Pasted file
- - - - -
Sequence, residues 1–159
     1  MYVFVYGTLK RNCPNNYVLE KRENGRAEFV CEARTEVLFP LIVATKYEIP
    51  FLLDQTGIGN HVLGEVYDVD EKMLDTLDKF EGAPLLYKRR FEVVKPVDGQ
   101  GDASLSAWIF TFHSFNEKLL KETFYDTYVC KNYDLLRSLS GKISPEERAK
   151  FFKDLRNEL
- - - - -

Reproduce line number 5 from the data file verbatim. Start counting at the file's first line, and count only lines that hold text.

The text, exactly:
   151  FFKDLRNEL